Client: Well, uh, um. Let’s see… I know! We provide better customer service. Our company really cares. Blah, blah, blah customer-centric blah, blah, blah trust blah, blah, blah relationships blah, blah, blah.
Me: Like I said, your competitors make the same claims—they even use the same words.
Client: Well, they’re lying! They say it, but we mean it.
Me: And you expect customers to believe you? Because you make claims in a brochure?
The conversation continued downhill. I felt uneasy. Worse, I felt resentful of this tired approach to marketing. It felt like a waste. Of my work. Their money. And everyone’s—including customers’—time.
How to create a credible USP in the digital era
Because, the truth? This company can make genuine claims of uniqueness. They are different. In a number of ways they are better than their competitors—ways that can be proven. But here’s the thing: Their uniqueness is more qualitative than quantitative.
It can’t be proven credibly using space ads, collateral, direct mail or other traditional media alone.
Their road to USP authority—as with so many other businesses and NGOs today—lies in another approach: Content marketing.
I’m convinced this company’s best hope for creating a USP—and reaping the benefits of bigger market share and boosted bottom line—lies with:
Marketing content that shows, not tells. They need content that proves qualitative claims, like we care and we put relationships first. Content that uses narrative to reveal their company’s human faces. Content that’s new, relevant, useful and usable. Could be articles, newsletters, direct mail, emails and white papers. But its foundation—and home base—is likely a blog. A thoughtfully planned, regularly updated, reader-focused blog.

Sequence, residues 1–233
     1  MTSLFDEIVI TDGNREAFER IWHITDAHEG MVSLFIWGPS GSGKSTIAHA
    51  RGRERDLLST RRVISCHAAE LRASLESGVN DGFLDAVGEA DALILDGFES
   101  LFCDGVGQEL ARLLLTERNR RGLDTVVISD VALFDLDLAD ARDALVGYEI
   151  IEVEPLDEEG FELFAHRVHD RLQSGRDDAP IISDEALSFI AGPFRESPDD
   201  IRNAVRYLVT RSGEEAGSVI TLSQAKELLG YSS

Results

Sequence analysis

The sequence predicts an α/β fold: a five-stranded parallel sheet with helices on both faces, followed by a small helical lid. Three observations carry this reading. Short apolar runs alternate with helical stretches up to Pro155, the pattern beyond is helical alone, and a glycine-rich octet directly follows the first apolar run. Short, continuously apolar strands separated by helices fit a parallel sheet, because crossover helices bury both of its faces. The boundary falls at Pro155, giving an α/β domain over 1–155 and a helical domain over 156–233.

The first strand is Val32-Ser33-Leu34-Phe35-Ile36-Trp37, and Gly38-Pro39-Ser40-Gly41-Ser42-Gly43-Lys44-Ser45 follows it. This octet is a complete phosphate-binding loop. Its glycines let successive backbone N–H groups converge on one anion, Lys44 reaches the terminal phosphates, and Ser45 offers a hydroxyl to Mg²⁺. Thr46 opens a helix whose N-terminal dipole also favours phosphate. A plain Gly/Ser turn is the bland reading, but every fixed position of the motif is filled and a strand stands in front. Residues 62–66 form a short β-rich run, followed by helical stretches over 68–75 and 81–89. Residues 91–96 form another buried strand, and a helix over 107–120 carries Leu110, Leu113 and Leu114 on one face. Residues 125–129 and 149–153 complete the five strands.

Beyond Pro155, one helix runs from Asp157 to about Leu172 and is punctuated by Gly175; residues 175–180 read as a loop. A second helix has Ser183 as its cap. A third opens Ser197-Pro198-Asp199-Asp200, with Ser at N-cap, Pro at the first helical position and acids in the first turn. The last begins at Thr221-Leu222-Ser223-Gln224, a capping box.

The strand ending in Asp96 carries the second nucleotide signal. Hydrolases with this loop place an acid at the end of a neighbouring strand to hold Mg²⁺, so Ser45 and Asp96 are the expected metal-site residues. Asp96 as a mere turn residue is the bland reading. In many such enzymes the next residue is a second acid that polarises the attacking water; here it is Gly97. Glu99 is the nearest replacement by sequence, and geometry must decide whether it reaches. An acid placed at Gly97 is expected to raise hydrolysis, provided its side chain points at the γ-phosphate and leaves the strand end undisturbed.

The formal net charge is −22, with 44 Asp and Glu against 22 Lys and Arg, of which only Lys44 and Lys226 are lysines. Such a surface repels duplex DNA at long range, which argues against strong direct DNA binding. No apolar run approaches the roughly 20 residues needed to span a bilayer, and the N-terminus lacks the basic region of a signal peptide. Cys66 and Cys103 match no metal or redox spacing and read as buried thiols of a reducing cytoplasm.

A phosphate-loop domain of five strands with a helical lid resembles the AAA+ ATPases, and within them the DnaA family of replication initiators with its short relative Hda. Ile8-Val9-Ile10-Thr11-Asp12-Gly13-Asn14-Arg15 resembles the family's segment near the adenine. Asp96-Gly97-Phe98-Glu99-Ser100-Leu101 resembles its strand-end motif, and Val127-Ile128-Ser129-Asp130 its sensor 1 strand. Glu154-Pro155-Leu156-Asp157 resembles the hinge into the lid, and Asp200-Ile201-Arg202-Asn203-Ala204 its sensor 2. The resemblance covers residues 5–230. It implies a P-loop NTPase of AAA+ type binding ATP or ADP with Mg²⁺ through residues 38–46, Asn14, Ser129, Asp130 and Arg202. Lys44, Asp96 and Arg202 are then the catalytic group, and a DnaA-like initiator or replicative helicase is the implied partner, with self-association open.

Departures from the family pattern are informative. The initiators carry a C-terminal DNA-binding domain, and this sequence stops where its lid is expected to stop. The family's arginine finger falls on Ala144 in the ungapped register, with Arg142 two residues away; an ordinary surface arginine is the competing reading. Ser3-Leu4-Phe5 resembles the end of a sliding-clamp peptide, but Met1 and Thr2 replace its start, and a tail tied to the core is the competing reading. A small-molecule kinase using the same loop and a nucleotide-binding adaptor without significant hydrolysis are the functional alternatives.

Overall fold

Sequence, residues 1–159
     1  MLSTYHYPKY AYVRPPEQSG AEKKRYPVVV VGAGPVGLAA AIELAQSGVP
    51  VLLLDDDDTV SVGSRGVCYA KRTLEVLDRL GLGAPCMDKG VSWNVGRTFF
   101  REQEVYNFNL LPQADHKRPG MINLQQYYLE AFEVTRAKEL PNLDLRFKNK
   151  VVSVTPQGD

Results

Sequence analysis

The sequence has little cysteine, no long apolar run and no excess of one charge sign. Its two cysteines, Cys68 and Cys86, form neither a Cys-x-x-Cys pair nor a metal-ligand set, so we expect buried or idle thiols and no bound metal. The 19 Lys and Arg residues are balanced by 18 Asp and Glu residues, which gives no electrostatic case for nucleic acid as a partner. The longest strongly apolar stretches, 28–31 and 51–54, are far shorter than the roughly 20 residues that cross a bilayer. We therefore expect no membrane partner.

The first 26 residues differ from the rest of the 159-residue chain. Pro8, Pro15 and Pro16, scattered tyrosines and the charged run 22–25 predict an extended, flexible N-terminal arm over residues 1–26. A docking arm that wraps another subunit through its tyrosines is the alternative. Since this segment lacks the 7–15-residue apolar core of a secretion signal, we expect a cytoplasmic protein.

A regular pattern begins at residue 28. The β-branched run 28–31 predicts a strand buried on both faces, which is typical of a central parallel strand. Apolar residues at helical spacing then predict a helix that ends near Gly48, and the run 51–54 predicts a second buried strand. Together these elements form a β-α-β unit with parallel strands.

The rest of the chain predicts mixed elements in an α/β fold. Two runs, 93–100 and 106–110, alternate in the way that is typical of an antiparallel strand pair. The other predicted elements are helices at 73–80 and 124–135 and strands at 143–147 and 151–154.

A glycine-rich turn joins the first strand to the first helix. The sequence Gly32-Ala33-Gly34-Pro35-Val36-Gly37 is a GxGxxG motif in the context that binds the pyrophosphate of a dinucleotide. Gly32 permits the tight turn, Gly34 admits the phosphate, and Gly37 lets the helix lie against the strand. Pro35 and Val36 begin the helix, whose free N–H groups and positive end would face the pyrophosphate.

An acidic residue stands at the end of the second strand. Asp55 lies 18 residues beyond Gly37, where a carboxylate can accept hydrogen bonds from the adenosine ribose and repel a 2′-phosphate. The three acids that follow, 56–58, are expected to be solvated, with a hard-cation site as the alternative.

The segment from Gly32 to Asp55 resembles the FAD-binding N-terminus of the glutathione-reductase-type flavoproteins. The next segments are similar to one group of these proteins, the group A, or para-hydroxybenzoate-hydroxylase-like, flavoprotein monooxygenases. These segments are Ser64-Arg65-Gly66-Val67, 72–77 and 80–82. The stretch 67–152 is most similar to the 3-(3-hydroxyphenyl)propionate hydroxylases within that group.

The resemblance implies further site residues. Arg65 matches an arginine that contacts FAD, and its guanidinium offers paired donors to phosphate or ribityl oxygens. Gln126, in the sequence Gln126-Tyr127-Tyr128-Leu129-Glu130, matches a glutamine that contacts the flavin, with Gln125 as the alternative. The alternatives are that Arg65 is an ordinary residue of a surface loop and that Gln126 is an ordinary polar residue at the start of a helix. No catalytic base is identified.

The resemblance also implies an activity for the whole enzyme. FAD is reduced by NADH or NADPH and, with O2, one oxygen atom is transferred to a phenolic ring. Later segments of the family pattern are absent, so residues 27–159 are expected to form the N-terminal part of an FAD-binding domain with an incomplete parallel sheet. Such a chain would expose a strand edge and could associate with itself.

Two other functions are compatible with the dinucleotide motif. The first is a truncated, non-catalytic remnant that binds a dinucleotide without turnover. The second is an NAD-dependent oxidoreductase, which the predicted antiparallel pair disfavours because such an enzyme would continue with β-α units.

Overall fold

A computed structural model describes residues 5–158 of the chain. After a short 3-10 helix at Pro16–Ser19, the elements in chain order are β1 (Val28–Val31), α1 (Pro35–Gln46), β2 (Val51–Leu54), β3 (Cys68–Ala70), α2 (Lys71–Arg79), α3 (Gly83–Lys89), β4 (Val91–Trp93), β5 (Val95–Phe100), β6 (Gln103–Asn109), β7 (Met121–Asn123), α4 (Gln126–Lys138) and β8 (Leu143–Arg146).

Content strategy—a commitment to building relationships with useful content over a long-ish period of time, rather than with one-shot tactical tools.
Two-way communication that lets customers talk back: the blog’s comment section. Twitter, Facebook and other social communities. Email and 800 numbers that go to—and are answered by—real human beings, not customer service automatons.
New media—because content is more than copy. Today marketing content needs to include a variety of appealing formats: Yes, website, blog and social media copy, but also videos, podcasts, mobile communications and location-based apps.
A mix of traditional media to solidify branding and strengthen relationships. I’m not a traditional media hater. I believe print—and other traditional tools—can be relevant. They still pack power. And they still reach niches that digital media doesn’t. I wrote The Brochure Bible, for heaven’s sake! But in my humble opinion, traditional media as a stand-alone tactic is ineffective. What works? Today we call it “content marketing”—five years ago it was “integrated marketing communications” or “multiplatform messaging.” The catch phrases change, but the human impulse to connect stays the same. It’s about discerning the platforms that best reach your customers—or donors—and using a variety of formats to connect with them.
Is your USP working for you?
What do you say? Can you craft a credible USP using traditional media? Or does the prospect make you want to call it a day—and go drown your sorrows in a bottle of Scotch and a pack of Pall Malls?
Photo courtesy of snacktime2007